Retailers were able to clear some shelf space in August. Retail sales rose 0.8% after no change in July. Sales of durable goods from cars to furniture rebounded in August, after a dismal July.
In addition, healthy sales increases at clothing and department stores suggest that the back-to-school season was a success. However, that does not negate the current slowdown (chart). So far in the third quarter, inflation-adjusted retail sales are up a mere 1.2% at an annual rate.
Retailers who are struggling can thank the Fed for the slowdown. Consumers can no longer tap into two major sources of cash--mortgage refinancings and credit cards--that propelled spending in 1993 and early 1994. Loan applications to refinance a fixed mortgage, for instance, have dropped to one-tenth of their pace in February (chart).
In addition, the rate on a one-year Treasury bill, a common basis for adjustable mortgages, has risen 2.1 percentage points in the past year. If homeowners made no extra payments to the principal, that increase in short-term rates would add $120 per month to the payments of a $100,000 adjustable mortgage.
At the same time, costlier finance charges--especially for credit cards tied to banks' prime lending rates--have shoppers thinking twice about using plastic. And with the credit and refi wells dry, shoppers will remain stingy in the second half.
Moreover, the lack of refis and credit leaves disposable income as the key support to consumer spending. But here again, the Fed's tightening hurts. Real disposable income tracks job growth. And with demand slowing, business will hire fewer workers, suggesting incomes will grow only modestly into 1995.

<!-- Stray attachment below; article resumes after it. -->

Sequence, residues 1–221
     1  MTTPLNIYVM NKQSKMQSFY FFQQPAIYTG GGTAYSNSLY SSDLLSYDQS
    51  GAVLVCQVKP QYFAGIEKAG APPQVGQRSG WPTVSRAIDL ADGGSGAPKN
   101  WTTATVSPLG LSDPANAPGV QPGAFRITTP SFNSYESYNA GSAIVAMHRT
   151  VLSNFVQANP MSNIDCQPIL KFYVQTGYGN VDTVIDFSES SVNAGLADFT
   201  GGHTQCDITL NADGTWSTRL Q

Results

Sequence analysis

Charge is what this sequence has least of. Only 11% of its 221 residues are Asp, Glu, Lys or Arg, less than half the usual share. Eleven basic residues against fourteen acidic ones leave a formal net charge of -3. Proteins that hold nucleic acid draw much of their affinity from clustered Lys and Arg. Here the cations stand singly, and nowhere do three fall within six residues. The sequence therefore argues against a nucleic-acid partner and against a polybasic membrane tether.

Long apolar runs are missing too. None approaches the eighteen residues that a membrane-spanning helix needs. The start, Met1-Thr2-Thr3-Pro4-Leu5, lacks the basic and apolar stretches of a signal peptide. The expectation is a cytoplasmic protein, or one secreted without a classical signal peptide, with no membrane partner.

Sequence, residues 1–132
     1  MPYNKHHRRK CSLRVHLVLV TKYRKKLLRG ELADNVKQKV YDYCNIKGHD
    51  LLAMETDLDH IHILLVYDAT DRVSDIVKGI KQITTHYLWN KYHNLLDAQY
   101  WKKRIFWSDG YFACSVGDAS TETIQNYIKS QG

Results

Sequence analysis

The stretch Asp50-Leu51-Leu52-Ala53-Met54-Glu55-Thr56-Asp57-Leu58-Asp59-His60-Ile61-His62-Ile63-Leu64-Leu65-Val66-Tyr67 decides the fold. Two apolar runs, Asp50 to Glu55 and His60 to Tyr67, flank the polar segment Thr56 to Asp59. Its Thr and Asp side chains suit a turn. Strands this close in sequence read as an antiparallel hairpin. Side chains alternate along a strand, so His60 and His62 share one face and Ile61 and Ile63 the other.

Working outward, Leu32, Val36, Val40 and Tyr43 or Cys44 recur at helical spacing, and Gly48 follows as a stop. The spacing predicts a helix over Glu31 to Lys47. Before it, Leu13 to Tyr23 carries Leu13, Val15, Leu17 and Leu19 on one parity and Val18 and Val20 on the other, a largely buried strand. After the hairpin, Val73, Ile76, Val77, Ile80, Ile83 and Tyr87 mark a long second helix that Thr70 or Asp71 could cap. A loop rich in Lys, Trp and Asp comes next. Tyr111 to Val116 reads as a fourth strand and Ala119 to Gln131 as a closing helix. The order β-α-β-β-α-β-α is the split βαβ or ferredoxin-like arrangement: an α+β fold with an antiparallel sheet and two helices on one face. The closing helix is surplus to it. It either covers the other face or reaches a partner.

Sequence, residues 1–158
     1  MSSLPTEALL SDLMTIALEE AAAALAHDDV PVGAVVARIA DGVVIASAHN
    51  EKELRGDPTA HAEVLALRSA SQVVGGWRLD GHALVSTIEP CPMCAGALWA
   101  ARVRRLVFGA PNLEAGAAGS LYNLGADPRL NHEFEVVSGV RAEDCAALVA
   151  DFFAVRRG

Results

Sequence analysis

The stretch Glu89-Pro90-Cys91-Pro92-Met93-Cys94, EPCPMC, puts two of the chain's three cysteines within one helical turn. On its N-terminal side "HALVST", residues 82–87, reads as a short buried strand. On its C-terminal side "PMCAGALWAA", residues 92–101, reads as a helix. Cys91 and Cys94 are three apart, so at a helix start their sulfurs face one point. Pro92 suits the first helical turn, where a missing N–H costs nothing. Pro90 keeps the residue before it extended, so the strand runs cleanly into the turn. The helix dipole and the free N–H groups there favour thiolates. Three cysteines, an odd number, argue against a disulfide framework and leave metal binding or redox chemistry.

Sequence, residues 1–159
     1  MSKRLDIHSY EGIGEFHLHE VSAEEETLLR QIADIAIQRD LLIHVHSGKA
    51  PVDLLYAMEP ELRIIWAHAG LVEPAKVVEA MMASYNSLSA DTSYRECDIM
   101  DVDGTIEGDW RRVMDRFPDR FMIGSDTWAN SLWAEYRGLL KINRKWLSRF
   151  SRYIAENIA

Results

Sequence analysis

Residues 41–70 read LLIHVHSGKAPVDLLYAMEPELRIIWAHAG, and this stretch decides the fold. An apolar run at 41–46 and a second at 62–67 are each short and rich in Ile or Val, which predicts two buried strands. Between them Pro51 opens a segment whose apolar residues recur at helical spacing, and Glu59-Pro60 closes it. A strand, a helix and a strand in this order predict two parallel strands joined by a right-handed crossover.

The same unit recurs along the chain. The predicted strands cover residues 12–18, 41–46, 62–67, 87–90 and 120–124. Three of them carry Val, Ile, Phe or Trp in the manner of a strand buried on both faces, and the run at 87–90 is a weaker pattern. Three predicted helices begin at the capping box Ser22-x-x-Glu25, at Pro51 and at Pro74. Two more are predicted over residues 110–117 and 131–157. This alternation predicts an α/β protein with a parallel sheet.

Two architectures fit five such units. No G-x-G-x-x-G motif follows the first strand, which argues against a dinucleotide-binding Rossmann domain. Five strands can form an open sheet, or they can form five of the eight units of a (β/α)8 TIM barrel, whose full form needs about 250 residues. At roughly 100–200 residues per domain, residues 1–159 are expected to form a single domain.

The Fed must focus primarily on reining in consumers because it will have less influence on other sources of output growth in coming quarters. U.S. exports, for instance, will gather strength from economic growth overseas. And businesses are deciding to buy capital equipment based on what it adds to efficiency rather than on borrowing costs.
The Commerce Dept.'s summer survey on capital outlays shows that companies are set to increase their budgets by 8.8% in 1994. That's better than the 7.3% rise in 1993, and faster than the 8.3% projected in the spring.
Both factories and service companies are set to spend more in 1994 than in 1993 (chart). Not surprisingly, manufacturers in such industries as steel, electrical machinery, and plastics that are planning double-digit increases to their capital investments are the same industries where operating rates are above 87%. Among nonmanufacturers, the biggest increase will be the 12.5% in commercial and other services, which includes wholesale and retail trade, finance, and communications.
All this investment will go toward improving the efficiency of service companies, where productivity gains have lagged behind the advances made at factories. Clearly, companies must hold down their unit labor costs in order to keep the price indexes appealing to the wary eyes of inflation-fearing investors who are quick to see flaws in the price data even during this most pleasing time of low inflation.